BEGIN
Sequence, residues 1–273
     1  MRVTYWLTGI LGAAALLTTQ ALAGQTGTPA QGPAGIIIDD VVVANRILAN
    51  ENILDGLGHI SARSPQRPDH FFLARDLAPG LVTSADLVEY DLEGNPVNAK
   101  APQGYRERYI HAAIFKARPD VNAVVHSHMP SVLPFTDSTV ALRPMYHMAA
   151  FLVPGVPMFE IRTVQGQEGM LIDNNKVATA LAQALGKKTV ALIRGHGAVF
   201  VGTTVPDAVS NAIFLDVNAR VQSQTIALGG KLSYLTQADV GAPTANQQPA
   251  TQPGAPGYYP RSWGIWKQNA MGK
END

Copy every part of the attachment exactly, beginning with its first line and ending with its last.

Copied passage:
Sequence, residues 1–273
     1  MRVTYWLTGI LGAAALLTTQ ALAGQTGTPA QGPAGIIIDD VVVANRILAN
    51  ENILDGLGHI SARSPQRPDH FFLARDLAPG LVTSADLVEY DLEGNPVNAK
   101  APQGYRERYI HAAIFKARPD VNAVVHSHMP SVLPFTDSTV ALRPMYHMAA
   151  FLVPGVPMFE IRTVQGQEGM LIDNNKVATA LAQALGKKTV ALIRGHGAVF
   201  VGTTVPDAVS NAIFLDVNAR VQSQTIALGG KLSYLTQADV GAPTANQQPA
   251  TQPGAPGYYP RSWGIWKQNA MGK